In this study, it is analysed that which decontamination products are more effective and how decontamination process should be performed in the case of contamination of radioactive 99mTc which is the most common radioactive element used in nuclear applications dealing with the human body or the environment. Based on the study, it is observed that existing radioactive washers are less effective than expected, alcohol has no effect on the decontamination of 99mTc, and temperature and pH are the most important factors. In the light of the analysis, it is concluded that the most effective decontamination product is DM-D (Decontamination Material-D). When the effect of DM-D on surfaces is analysed, it is observed that decontamination is very fast on scrubs and formica with both DM-D and water, and although DM-D is very effective on skin, it is not effective on f ceramic tiles and plastic floor covering material. Also in this study, the effectiveness of different molecular groups in the decontaminant was investigated. As a result, the acetate group has been observed as the most effective component of the decontaminant.

Keywords: Contamination, decontamination, radioactive, technetium

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4 Guidelines to Designing Generic Protocol for Responding to Chemical, Biological, Radiological and Nuclear Incidents

Authors: Mohammad H. Yarmohammadian, Mehdi Nasr Isfahani, Elham Anbari

Abstract:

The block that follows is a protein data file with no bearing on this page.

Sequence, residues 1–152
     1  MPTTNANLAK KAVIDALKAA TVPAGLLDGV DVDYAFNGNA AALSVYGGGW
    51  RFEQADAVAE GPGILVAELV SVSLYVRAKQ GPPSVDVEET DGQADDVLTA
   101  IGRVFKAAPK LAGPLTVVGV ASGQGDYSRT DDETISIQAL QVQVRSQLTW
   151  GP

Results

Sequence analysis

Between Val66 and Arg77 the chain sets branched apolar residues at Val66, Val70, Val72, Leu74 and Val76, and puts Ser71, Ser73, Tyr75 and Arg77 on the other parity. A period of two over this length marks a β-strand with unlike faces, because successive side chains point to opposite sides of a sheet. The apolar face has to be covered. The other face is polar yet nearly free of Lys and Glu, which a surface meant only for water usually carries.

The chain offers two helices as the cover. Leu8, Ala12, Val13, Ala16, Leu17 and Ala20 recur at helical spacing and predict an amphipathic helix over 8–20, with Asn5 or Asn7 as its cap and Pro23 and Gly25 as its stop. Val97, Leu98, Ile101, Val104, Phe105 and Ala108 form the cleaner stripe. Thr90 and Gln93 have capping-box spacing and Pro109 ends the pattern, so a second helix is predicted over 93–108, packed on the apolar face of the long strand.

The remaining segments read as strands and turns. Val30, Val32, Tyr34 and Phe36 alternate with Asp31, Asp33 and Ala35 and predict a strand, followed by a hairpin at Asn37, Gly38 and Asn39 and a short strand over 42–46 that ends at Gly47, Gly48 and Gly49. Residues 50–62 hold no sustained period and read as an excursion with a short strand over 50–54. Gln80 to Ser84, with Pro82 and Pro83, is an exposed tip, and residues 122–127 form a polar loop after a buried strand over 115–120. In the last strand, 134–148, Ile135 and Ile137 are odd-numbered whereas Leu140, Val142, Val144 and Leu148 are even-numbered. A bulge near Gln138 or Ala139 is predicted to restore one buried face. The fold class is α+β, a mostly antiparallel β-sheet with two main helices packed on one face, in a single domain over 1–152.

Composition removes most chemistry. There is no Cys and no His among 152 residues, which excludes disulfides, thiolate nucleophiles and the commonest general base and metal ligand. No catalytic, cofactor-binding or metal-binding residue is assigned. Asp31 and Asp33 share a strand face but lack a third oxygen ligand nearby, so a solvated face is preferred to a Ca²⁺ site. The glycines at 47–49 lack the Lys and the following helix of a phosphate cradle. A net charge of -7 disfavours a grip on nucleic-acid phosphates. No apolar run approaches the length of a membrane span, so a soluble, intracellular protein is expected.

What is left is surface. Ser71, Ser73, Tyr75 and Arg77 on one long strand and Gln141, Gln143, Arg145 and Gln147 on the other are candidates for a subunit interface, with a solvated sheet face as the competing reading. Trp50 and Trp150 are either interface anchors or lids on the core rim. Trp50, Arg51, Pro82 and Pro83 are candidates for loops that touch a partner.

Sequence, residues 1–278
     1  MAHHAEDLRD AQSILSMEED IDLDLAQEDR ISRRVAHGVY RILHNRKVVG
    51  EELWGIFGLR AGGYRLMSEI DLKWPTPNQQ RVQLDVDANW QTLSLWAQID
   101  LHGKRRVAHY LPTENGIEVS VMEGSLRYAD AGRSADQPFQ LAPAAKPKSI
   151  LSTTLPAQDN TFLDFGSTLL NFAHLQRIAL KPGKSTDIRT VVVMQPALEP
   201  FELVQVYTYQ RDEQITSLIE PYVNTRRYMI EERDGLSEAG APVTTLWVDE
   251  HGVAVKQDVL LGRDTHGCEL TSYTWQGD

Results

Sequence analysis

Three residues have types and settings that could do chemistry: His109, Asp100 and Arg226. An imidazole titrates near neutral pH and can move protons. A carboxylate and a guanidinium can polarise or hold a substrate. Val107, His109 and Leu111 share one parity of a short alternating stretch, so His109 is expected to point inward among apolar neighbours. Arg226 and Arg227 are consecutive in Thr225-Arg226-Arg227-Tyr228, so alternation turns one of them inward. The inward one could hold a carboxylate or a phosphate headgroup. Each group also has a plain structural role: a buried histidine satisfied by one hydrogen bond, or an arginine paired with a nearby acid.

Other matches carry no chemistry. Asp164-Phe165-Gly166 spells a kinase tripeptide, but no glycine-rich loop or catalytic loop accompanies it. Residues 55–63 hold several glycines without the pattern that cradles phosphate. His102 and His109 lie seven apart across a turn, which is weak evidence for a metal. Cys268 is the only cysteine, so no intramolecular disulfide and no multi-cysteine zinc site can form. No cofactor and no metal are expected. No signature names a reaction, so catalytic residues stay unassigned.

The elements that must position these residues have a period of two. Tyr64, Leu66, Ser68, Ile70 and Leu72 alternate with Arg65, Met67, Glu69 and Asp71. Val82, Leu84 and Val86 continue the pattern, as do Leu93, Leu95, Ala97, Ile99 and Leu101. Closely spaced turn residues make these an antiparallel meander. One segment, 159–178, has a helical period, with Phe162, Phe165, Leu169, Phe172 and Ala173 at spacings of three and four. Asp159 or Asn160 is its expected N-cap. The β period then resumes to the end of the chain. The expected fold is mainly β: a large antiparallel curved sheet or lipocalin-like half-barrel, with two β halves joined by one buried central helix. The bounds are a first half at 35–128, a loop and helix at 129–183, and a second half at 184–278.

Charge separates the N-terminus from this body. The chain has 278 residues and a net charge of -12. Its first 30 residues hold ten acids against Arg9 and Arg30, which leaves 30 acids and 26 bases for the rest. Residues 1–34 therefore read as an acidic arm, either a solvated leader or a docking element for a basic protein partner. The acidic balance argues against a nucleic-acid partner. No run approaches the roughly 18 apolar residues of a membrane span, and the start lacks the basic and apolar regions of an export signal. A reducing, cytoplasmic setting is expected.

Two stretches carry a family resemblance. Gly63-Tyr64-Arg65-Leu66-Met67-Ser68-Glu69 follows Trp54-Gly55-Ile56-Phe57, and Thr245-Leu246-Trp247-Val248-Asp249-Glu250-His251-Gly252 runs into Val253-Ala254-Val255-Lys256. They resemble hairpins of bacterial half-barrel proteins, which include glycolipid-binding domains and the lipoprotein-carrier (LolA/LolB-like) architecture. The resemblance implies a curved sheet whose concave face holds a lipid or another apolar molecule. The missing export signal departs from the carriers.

Introduction: The awareness of using chemical, biological, and nuclear agents in everyday industrial and non-industrial incidents has increased recently; release of these materials can be accidental or intentional. Since hospitals are the forefronts of confronting Chemical, Biological, Radiological and Nuclear( CBRN) incidents, the goal of the present research was to provide a generic protocol for CBRN incidents through a comparative review of CBRN protocols and guidelines of different countries and reviewing various books, handbooks and papers. Method: The integrative approach or research synthesis was adopted in this study. First a simple narrative review of programs, books, handbooks, and papers about response to CBRN incidents in different countries was carried out. Then the most important and functional information was discussed in the form of a generic protocol in focus group sessions and subsequently confirmed. Results: Findings indicated that most of the countries had various protocols, guidelines, and handbooks for hazardous materials or CBRN incidents. The final outcome of the research synthesis was a 50 page generic protocol whose main topics included introduction, definition and classification of CBRN agents, four major phases of incident and disaster management cycle, hospital response management plan, equipment, and recommended supplies and antidotes for decontamination (radiological/nuclear, chemical, biological); each of these also had subtopics. Conclusion: In the majority of international protocols, guidelines, handbooks and also international and Iranian books and papers, there is an emphasis on the importance of incident command system, determining the safety degree of decontamination zones, maps of decontamination zones, decontamination process, triage classifications, personal protective equipment, and supplies and antidotes for decontamination; these are the least requirements for such incidents and also consistent with the provided generic protocol.